I first watched "The Good Parts" months ago, reacting to the season finale with frustration.
After such a tremendous season, one in which United States of Tara shed almost all comedic aspirations and left viewers hanging each week with a darker and darker tone, the concluding episode felt rushed and anticlimactic.
That was it?!? I thought. Tara just offs Bryce, within her own head, 30 seconds in?!? And the rest of the half hour is spent getting the family's affairs in order?
However, following the announcement that Showtime has canceled the series, the finale makes a lot more sense.I have to believe the writers were given a heads-up that odds were not favoring a fourth season. Therefore, they were forced to tie up various storylines and characters in an efficient manner, likely sooner than they had originally hoped.
In this context, "The Good Parts" was a success.
Yes, the immediate way in which Bryce was killed (repressed?) was confusing and unsatisfying. But we had to spend the series finale with Tara herself, not any alters. We had to see Charmaine and Neil mature as a couple to the point where we actually believe they'd make solid surrogate parents to Marshall.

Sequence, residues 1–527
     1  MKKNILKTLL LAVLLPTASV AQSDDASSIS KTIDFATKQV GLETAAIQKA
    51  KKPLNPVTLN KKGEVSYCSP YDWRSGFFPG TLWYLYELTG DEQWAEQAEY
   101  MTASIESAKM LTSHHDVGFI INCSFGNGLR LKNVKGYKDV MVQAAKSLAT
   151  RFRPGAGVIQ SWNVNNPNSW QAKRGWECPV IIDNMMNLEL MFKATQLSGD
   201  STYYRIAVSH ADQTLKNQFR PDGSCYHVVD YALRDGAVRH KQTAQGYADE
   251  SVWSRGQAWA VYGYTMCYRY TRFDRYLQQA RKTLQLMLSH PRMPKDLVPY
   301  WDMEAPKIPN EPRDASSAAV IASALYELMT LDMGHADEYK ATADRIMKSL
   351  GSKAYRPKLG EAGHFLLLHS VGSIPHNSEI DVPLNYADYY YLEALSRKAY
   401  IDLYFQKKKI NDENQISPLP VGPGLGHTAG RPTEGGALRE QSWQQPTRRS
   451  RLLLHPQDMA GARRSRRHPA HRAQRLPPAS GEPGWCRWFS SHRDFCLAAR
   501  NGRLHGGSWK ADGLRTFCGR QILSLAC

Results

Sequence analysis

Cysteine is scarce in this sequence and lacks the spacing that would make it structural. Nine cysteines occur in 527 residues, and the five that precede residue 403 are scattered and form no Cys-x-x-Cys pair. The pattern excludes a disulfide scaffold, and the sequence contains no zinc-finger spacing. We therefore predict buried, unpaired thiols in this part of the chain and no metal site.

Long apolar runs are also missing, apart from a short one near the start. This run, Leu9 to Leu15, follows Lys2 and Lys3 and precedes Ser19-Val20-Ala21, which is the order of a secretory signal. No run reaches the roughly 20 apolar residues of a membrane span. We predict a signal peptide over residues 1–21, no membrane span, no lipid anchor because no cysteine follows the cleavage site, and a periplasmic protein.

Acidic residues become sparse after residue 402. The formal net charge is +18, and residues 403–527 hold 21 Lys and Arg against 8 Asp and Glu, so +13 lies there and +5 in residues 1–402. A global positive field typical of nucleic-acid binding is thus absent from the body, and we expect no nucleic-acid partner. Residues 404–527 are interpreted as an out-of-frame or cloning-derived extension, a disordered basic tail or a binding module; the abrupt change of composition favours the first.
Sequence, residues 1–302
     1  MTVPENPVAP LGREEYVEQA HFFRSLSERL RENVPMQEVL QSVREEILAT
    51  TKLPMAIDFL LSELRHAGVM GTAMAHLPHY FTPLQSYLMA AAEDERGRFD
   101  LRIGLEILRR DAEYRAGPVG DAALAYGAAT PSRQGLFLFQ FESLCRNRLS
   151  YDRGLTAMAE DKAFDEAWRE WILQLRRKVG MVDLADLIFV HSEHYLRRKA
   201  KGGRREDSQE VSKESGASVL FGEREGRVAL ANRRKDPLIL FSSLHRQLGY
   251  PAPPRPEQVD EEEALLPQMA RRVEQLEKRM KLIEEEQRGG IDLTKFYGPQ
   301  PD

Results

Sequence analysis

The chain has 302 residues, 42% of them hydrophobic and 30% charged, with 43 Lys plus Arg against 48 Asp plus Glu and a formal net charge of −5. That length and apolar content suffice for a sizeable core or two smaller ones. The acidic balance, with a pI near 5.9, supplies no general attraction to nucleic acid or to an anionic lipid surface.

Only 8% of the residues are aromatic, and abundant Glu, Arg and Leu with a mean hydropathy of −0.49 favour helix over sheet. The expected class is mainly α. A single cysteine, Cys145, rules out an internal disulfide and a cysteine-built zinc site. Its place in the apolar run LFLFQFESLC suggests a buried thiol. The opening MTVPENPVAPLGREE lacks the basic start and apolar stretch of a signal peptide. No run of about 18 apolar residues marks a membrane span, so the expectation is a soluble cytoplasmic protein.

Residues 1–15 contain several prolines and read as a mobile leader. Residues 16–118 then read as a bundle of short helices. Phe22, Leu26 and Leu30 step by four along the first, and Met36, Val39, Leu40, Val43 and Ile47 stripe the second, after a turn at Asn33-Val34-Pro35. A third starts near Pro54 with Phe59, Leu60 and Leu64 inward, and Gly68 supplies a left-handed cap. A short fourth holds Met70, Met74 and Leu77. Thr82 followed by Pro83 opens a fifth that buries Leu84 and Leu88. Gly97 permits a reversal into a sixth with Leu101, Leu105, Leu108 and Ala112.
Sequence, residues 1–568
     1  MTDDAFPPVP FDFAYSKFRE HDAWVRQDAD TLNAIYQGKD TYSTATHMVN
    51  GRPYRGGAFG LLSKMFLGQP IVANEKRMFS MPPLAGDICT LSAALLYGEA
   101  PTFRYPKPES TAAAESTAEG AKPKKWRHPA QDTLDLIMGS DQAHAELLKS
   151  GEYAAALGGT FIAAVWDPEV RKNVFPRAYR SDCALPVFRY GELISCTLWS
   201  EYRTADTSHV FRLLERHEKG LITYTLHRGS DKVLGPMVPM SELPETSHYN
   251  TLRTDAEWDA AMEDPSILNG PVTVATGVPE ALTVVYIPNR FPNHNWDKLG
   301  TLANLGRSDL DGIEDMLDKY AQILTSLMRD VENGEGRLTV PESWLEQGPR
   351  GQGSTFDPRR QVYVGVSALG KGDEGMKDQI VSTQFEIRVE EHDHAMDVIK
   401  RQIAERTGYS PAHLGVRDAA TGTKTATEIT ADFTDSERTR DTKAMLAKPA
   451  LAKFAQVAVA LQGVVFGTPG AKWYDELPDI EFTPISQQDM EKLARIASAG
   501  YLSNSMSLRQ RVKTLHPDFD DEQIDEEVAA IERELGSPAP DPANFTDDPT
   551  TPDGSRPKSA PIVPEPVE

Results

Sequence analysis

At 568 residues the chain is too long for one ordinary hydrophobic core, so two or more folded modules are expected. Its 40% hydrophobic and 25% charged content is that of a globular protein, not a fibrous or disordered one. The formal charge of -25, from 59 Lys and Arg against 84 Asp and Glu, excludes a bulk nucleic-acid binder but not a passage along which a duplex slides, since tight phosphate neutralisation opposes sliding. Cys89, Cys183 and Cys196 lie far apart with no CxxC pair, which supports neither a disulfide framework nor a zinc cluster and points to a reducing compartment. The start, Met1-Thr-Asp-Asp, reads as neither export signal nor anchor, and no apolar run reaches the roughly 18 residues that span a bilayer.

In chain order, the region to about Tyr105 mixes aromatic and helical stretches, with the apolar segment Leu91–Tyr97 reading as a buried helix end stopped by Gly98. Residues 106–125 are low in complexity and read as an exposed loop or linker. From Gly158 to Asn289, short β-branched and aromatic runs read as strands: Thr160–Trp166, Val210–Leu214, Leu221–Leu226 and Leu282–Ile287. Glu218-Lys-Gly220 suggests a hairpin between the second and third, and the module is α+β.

We had to see Kate finally find a direction in her life, even if it involves spending a lot of time with a manic eight-year old.
And, most of all, we had to see Tara actually want to seek help, with Max - as always - the calm, steady, loving presence in his wife's life. With the knowledge that this was the show's final episode, I couldn't have asked for a better concluding scene.
Tara has been trapped by her disorder for as long as we've known her. But now she's, literally, on the road to recovery. The Gregsons have been a dysfunctional, humorous mess for three seasons, but they weren't ruined by Tara's unusual influence. In many ways, it made them stronger, closer.
Our last shot of the group on the front lawn made it clear that everyone will be okay. They have all evolved since we first met them, which is the same thing we can say about the show itself. United States of Tara started as a quirky comedy and concluded as a fascinating, suspenseful character study, with dynamite performances all around. I'll miss it.